Natural Monopoly and Railway Policy in the Nineteenth Century
Competition in the British railway system had burnt itself out by the end of the nineteenth century. Regression estimates of a cost fun ction based upon the 1865 railway returns are consistent with the ind ustry being a natural monopoly in which a number of firms were compet ing. The national railway system was not provided at the lowest cost. Analysis of two cross-national data sets implies the regulatory syst ems of other nations, which generally entailed monopolization and nat ionalization, generated lower railway capital costs than did that of the United Kingdom. Copyright 1987 by Royal Economic Society.
If you experience problems downloading a file, check if you have the proper application to view it first. In case of further problems read the IDEAS help page. Note that these files are not on the IDEAS site. Please be patient as the files may be large.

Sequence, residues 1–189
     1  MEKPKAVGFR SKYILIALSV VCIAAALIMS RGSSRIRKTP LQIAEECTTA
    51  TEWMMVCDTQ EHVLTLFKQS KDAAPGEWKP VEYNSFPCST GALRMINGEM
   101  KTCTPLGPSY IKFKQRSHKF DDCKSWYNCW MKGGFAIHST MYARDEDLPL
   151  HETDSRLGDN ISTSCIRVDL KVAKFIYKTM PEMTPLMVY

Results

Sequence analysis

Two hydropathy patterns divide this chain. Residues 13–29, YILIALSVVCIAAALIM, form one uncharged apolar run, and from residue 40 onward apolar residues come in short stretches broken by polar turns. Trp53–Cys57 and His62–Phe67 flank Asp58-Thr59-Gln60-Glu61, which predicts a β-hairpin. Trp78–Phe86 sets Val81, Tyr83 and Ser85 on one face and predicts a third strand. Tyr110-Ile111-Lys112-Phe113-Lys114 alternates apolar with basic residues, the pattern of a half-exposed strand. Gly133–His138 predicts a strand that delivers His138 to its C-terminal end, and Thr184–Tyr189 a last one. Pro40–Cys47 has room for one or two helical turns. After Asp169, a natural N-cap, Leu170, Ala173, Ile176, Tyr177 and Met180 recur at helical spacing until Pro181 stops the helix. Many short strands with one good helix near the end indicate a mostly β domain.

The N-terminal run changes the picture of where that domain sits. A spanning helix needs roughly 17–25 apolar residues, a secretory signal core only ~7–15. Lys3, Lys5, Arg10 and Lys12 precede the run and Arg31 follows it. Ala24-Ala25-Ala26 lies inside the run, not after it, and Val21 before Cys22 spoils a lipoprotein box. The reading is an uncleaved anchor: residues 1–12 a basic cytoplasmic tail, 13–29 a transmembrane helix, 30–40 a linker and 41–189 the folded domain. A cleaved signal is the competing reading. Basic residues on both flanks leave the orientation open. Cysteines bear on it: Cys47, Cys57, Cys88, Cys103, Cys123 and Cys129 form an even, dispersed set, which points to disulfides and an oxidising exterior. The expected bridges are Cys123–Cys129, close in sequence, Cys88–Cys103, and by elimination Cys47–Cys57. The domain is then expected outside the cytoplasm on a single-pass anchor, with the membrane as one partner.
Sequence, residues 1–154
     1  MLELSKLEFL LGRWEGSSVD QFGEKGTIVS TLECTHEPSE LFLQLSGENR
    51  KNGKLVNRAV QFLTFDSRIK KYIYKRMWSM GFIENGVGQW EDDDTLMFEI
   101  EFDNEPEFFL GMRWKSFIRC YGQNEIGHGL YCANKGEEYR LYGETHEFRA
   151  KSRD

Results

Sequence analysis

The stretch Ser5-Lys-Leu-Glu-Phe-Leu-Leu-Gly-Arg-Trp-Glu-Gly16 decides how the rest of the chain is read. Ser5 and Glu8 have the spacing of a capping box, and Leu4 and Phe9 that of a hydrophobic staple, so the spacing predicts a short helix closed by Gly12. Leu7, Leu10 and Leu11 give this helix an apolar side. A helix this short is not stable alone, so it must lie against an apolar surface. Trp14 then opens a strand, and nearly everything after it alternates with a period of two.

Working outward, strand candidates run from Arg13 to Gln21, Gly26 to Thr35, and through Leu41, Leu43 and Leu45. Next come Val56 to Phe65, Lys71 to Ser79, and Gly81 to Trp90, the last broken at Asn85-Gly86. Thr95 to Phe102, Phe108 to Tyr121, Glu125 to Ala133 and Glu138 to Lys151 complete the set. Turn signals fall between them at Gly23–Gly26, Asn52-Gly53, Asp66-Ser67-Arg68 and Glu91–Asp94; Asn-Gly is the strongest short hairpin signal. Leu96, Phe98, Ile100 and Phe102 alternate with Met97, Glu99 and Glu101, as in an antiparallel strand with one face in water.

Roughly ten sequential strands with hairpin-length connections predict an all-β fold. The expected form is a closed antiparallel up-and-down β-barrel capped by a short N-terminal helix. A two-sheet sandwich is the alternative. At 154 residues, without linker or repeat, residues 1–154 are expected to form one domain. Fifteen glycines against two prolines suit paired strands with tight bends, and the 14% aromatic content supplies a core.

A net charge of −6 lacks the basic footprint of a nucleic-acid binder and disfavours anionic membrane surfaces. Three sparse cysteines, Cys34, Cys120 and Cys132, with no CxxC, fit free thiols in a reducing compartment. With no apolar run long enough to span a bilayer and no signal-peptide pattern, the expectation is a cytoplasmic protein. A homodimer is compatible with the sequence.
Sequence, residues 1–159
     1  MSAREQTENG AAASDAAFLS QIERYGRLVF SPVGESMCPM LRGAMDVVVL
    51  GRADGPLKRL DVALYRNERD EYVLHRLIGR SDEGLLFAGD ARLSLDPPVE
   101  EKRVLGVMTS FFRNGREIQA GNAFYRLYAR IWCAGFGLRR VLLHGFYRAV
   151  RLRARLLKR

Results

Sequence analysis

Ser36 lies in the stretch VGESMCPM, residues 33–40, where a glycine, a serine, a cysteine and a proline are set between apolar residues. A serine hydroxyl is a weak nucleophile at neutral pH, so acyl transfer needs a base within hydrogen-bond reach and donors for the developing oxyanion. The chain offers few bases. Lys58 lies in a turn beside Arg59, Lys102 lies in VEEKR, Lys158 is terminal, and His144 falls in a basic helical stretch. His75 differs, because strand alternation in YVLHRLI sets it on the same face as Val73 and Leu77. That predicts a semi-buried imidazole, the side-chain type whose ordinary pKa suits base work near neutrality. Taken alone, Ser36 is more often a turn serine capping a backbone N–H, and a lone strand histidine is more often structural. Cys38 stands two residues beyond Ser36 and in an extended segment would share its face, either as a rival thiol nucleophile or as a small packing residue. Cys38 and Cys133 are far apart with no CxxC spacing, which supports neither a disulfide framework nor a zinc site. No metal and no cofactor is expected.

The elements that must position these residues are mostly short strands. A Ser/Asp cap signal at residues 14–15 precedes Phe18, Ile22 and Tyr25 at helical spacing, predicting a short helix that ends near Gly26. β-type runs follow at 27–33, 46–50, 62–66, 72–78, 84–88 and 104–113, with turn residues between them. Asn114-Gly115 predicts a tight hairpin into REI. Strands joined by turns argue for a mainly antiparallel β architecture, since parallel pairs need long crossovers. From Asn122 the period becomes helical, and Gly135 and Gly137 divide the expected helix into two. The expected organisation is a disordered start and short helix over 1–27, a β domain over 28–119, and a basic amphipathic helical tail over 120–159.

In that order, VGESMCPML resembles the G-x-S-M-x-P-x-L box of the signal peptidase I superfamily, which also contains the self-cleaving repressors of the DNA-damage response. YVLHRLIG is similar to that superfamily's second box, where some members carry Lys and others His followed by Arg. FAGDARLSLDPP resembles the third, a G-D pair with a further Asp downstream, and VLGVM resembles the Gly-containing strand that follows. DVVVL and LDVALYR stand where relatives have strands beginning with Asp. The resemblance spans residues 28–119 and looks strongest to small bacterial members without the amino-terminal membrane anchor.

As the access to this document is restricted, you may want to look for a different version under "Related research" (further below) or search for a different version of it.
Volume (Year): 39 (1987)
Issue (Month): 4 (December)
|Contact details of provider:|| Postal: Oxford University Press, Great Clarendon Street, Oxford OX2 6DP, UK|
Fax: 01865 267 985
Web page: http://oep.oupjournals.org/
|Order Information:||Web: http://www.oup.co.uk/journals|
When requesting a correction, please mention this item's handle: RePEc:oup:oxecpp:v:39:y:1987:i:4:p:699-718. See general information about how to correct material in RePEc.
For technical questions regarding this item, or to correct its authors, title, abstract, bibliographic or download information, contact: (Oxford University Press)or (Christopher F. Baum)
If references are entirely missing, you can add them using this form.